the belief that people join social movements based on their evaluations of what they think they should have compared with what others have
public opinion
how people think about an issue
new social movements
social movements with a new emphasis on the world - instead of on a condition in a specific country
resource mobilization
theory that social movements succeed or fail based on their ability to mobilize resources such as time, money, and people's skills
role extension
the incorporation of additional activities into a role
mass society theory
an explanation for participation in social movements

based on the assumption that such movements offer a sense of belonging to people who have weak social ties
circular reaction
(Robert Park)

term for back-and-forth communication between the members of a crowd whereby a 'collective impulse' is transmitted
4 social revolutions
1. domestication
2. agriculture
3. industrialization
4. information
theories of social change

unilinear theories
assume the same path for everyone
multilinear theories
assume that different paths lead to the same stage of development
cyclical theories
civilizations are viewed as going through a process of birth, maturity, decline, and death
conflict theory of social change
change is inevitable
Ogburn's theory of social change
technology is the basic cause of social change
Ogburn's 3 processes of social change
1. invention
2. discovery
3. diffusion
environmental movement
an attempt to restore a healthy environment for the world's people
environmental sociology
not an attempt to change the environment

a study of the relationship between humans and the environment
Gemeinschaft societies
traditional societies

small and rural
Max Weber
traced capitalism to The Protestant Reformation
a realignment of the world's powers
new way of seeing reality
the combination of existing elements and materials to form new ones
dialectical process
(according to Marx's model of historical change)

each ruling group sows the seeds of its own destruction
sustainable environment
a world system that produces enough goods to meet everyone's needs but doesn't destroy humanity's future
corporate welfare
financial incentives given to corporations to attract their business
greenhouse effect
the build up of carbon dioxide in the earth's atmosphere that inhibits the release of heat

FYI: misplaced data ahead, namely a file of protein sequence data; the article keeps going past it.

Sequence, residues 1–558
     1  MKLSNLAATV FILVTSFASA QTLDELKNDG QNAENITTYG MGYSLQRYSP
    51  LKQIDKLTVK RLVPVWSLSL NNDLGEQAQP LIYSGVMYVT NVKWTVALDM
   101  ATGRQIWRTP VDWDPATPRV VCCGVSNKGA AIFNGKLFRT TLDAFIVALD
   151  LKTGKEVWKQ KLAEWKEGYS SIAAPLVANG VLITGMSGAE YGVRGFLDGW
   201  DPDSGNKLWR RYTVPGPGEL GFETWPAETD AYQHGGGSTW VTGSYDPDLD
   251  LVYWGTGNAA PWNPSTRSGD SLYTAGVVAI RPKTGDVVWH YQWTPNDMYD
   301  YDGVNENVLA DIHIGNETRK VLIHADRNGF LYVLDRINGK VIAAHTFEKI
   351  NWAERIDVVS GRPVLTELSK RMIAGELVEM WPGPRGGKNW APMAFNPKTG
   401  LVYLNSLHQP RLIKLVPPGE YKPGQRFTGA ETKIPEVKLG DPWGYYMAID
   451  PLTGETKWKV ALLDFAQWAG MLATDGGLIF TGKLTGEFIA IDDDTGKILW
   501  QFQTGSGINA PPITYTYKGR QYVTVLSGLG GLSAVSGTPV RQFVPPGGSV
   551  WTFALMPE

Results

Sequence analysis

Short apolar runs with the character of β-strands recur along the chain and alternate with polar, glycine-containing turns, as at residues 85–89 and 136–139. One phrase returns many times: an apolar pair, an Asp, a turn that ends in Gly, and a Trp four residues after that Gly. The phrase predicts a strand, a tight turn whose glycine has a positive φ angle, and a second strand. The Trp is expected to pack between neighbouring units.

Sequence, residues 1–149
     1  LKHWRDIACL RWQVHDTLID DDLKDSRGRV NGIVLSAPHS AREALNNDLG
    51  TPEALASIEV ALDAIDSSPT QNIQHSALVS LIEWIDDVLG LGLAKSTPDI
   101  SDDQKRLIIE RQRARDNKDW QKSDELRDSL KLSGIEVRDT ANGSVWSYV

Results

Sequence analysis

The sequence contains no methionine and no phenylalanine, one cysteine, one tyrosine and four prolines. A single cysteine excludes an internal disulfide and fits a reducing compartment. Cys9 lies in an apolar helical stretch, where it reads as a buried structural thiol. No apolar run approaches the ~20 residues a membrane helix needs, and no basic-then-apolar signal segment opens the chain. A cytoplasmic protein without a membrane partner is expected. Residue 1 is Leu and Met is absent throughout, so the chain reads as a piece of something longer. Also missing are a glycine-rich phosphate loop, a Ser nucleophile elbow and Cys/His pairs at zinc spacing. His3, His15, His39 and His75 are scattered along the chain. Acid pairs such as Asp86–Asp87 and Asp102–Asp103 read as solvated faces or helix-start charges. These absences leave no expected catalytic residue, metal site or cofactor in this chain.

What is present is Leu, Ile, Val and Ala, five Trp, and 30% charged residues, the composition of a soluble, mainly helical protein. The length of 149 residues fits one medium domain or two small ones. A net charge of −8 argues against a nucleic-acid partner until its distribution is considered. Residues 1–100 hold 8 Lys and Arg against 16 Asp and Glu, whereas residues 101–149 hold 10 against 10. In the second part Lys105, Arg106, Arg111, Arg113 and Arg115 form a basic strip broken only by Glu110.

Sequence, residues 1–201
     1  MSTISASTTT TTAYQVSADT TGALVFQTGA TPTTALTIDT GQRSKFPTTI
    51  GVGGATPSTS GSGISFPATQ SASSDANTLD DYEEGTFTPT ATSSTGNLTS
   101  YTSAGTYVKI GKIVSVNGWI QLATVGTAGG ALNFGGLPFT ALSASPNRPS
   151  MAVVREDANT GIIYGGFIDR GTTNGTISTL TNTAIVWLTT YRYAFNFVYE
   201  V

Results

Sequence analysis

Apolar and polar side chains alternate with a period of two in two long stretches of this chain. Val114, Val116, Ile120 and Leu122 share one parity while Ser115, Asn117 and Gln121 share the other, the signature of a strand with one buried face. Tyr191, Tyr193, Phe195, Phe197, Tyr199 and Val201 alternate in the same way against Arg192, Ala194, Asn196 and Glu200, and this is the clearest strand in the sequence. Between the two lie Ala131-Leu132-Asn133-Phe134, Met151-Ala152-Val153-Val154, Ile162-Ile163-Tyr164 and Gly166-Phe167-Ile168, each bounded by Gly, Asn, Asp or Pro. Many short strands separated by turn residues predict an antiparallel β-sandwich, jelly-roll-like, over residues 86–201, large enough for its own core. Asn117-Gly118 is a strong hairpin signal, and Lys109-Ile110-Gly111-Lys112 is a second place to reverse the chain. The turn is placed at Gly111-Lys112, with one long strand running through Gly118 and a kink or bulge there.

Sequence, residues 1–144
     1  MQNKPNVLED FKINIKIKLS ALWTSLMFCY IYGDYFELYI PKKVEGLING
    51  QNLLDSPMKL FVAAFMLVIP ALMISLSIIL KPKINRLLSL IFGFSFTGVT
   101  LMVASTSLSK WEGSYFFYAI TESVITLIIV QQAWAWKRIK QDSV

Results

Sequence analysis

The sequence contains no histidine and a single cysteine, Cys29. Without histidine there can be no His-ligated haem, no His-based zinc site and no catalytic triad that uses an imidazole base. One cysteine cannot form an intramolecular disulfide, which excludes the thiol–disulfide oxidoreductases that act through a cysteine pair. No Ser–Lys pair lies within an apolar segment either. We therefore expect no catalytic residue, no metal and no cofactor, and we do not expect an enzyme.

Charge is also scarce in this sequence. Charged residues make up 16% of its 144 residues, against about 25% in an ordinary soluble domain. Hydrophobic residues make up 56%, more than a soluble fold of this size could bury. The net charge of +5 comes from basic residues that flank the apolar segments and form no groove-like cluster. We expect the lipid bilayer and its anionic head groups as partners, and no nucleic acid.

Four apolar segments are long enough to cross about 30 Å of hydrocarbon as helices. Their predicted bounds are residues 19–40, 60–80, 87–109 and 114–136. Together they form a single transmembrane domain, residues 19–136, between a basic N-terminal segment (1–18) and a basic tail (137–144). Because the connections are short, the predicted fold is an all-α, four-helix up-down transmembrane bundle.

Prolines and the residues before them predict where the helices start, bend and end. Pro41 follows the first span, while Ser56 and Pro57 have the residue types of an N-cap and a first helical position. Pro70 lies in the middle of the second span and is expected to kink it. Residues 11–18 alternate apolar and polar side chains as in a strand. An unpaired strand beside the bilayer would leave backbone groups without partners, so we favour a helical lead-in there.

the act of chaining oneself to a tree to prevent its destruction
in production of food and housing, some estimate we destroy ____ species each year
Gesellschaft societies
large, urbanized, fast changing
Lewis Morgan
all societies go through 3 stages

- savagery, barbarism, civilization
the spread of an invention or discovery from one area to another
refers to artificial means of extending human abilities
rain forests
cover 7% of the earth's land area

home to 1/3 - 1/2 of all plant and animal species
modern societies
have lower infant mortality rates and longer life expectancy rates than traditional societies
process by which a Gemeinschaft society is transformed into a Gesellschaft society
global warming
increase in the earth's temperature due to the greenhouse effect
dialectical process
each arrangement, or thesis, contains contradictions, or antitheses, which must be resolved

the new arrangement, or synthesis, contains its own contradictions, and so on
population momentum
caused by the large number of individuals of childbearing age having children
youth dependency ratio
# of children under age 15 compared to the number between 15 and 64
aged dependency ratio
# of those older than 64 compared to those between 15 and 64

percentage of dependent elderly people is growing
sex ratio
refers to the ratio of males to females in the population
wealth flow theory
suggests that 2 strategies are operating in couples' personal decisions about their family size

children to parents = larger families
parents to children = fewer children
conflict theory of population growth
inequitable distribution and control of resources are at the heart of poverty
factors affecting fertility rates
1. economic
2. government influence
3. religious and cultural norms
4. education
life expectancy
average number of years people live in a particular society

reflects overall health conditions
infant mortality
number of deaths within the same year of life divided by the number of live births in the same year times 1,000
largest modern day plague
geographic mobility
changing a residence
push-pull model
explains why people leave areas

some pushed from origianl location by wars, plagues, famine, political or religious conflicts, economic crises, or other factors)

pulled to new location by economic opportunities of political and religious tolerance
2 factors that curb (international) migrations
1. restrictive immigration laws of receiving countries

2. economic recessions
internal migration